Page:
Just back from: Peru's Northern Highlands
Tell us more… In many ways a dream trip, I spent a week in Peru, visiting the lesser-known Northern Highlands (the Amazonas region) and also taking in the urban landscape of capital city Lima. It was my first visit to South America and I’ve definitely got the bug to explore more of that continent.
In a nutshell… This wasn’t your stereotypical Peru trip: no Inca Trail, no Machu Picchu. Instead, we spent our days in what’s known as the ‘cloud forest’ – a high-altitude mountainous region that straddles Peru’s arid strip of the Andes and its dense Amazonian jungle. Hiking to (and repelling down) waterfalls, horse trekking and spotting the rare cock-of-the-rock, Peru’s bright orange national bird, was how I spent most of my time there.
Defining moment? This part of Peru is still very much developing. Sights are spread out and the region is very mountainous. We spent a lot of time driving from place to place, seeing the incredible Andean landscape from inside a van, winding up and around bumpy (dirt!) roads into lost valleys and next to rushing teal rivers.
Good grub? Peru is gaining a well-deserved international reputation as a foodie wonderland, boasting several key ingredients that have helped nurture a great food culture: coastline, mountains full of weird and wonderful herbs and spices and the cooking traditions of ancient civilisations. I could live on fresh ceviche (raw fish dressed with onions, lime, vinegar and herbs)! We also got a chance to eat at two gourmet restaurants in Lima, including a knock-out five-course dinner at Fiesta Chiclayo Gourmet and a 10-course tasting lunch at Astrid y Gastón, which is on the World’s 50 Best Restaurants list this year. I had to be rolled back to my hotel bed after both of those.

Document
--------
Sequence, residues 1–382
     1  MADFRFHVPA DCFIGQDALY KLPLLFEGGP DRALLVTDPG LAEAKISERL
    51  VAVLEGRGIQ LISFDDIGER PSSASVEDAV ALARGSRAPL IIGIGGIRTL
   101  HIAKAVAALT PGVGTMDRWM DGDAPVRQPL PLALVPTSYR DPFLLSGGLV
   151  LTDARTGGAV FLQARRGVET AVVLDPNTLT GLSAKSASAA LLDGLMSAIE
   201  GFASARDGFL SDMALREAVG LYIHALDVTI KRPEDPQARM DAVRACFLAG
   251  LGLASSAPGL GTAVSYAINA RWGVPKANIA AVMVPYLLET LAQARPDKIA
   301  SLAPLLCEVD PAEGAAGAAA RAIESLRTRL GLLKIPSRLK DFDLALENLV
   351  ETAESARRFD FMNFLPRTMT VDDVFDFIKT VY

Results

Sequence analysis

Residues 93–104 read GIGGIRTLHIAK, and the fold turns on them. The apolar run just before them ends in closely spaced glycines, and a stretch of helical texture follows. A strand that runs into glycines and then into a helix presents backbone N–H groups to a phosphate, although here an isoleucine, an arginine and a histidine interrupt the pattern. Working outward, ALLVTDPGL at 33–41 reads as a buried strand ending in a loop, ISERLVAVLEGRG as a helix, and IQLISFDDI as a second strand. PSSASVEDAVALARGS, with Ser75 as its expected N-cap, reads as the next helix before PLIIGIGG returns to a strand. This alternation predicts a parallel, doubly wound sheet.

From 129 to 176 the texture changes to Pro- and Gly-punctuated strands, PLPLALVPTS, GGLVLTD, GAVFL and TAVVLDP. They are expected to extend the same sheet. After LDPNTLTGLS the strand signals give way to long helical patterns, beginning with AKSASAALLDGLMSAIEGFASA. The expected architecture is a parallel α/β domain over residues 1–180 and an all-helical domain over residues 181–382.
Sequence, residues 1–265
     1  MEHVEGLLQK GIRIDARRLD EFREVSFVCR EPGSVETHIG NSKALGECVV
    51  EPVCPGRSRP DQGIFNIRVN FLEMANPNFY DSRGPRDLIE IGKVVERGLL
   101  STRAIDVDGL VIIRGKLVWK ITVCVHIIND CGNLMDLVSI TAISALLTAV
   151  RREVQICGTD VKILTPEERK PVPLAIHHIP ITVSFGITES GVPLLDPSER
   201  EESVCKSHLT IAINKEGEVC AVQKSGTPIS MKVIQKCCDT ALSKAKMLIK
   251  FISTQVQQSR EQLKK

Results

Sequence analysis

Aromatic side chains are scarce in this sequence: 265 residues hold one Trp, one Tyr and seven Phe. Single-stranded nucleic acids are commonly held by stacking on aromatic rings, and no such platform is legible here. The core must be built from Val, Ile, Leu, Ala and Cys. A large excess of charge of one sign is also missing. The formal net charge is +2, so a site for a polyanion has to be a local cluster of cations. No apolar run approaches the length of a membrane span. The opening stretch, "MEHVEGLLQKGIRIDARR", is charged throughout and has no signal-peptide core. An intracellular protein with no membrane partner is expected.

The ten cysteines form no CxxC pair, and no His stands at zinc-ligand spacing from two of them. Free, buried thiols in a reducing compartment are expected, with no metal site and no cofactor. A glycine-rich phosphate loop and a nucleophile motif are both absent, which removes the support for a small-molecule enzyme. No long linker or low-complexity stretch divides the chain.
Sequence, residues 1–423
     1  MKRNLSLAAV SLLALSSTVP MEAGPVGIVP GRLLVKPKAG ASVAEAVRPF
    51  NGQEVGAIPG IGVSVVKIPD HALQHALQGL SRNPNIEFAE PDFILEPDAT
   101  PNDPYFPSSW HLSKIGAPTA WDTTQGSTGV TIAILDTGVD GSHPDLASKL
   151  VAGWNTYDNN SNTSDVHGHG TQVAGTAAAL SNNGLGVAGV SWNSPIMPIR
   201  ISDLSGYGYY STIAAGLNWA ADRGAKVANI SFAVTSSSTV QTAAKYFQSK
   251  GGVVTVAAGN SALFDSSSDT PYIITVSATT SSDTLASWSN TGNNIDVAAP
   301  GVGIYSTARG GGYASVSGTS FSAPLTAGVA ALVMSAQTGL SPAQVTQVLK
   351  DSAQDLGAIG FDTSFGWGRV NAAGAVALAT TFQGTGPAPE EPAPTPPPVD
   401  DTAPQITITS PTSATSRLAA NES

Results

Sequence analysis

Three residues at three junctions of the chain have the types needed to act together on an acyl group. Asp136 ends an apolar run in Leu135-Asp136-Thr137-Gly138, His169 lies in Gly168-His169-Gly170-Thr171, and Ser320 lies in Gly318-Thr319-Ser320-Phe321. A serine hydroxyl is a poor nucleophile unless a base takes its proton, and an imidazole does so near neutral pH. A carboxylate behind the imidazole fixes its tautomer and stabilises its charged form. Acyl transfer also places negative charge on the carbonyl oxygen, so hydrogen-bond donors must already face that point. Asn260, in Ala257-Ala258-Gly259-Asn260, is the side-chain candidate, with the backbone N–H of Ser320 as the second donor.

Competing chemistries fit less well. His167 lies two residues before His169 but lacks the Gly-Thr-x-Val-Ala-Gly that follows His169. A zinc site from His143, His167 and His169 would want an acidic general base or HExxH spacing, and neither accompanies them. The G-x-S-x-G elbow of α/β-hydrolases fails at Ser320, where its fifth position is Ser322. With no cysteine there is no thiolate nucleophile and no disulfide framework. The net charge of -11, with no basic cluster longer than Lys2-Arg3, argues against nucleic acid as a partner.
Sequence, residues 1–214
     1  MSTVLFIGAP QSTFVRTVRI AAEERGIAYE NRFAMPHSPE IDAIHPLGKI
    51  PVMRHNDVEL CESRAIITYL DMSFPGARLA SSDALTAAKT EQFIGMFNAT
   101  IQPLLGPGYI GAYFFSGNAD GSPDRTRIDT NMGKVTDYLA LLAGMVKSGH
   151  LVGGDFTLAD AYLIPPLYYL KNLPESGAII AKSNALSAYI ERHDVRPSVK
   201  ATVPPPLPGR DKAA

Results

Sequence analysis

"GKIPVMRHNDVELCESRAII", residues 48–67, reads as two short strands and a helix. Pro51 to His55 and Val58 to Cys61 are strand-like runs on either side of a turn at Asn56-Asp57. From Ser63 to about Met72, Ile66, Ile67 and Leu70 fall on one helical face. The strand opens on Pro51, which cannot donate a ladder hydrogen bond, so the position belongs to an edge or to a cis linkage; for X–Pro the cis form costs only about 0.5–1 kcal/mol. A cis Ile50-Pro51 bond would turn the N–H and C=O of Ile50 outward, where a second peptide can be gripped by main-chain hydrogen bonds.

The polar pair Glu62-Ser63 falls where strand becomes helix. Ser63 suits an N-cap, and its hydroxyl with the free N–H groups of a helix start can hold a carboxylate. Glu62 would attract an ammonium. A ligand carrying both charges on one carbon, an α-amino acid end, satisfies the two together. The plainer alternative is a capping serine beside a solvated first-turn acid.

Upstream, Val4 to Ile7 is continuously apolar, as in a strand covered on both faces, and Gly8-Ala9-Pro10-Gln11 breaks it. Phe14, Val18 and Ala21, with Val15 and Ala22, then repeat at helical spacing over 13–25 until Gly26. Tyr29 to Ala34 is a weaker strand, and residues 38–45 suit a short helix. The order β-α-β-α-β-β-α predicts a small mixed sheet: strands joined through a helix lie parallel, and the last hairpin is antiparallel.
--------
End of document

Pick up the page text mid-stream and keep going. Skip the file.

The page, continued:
Bizarre encounter? Pisco sour might be Peru’s national cocktail (and it is delicious and ubiquitous), but you can’t get weirder than a giant-ant cocktail. The Caspiroleta de Hormigas is a cocoa, cinnamon alco-treat with a twist: ants macerated into the liqueur. The glass is rimmed with whole (dead, mercifully) giant ants. It tastes nice, but I wasn’t brave enough to eat a whole ant.
You’d be a muppet to miss… Kuélap. In many ways similar to Machu Picchu, Kuélap is one of Peru’s most significant archaeological sites. It was built by the Chachapoyas people starting in the 500s. Staggeringly, it sits on the top of a peak, 3000 metres up in the cloud forest, and the settlement is full of round homes and religious structures. The Chachapoyas people have been called the ‘Warriors of the Clouds’, and on the day I visited, a misty shroud had settled over the whole of Kuélap, giving it an ethereal atmosphere. There is a new cable car that has eased access here and also gives you a breathtaking (in my case, literally) ride over the Utcubamba Valley.
Best stay? Gocta Lodge in the village of Cocachimba. The pool overlooking Gocta Waterfall and the valley is Instagram fodder, but the whole stay was fab, from breakfast with that view to the comfy beds and a fridge full of Peruvian craft beer.
Fave activity? Horse trekking to Gocta Waterfall, one of Peru’s longest. My horse was a tough little grey gelding named Copito (Snowflake) who walked at his own pace and didn’t like the mules in front of him. There is also very little light pollution in this part of Peru, so I was stargazing every night.
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Megan Eaves travelled to Peru with support from PROMPERÚ. Lonely Planet contributors do not accept freebies in exchange for positive coverage.
Want more behind-the-scenes adventures? Find out what Key Account Manager Alex MacLeish got up to on her recent trip to Jura, Scotland.
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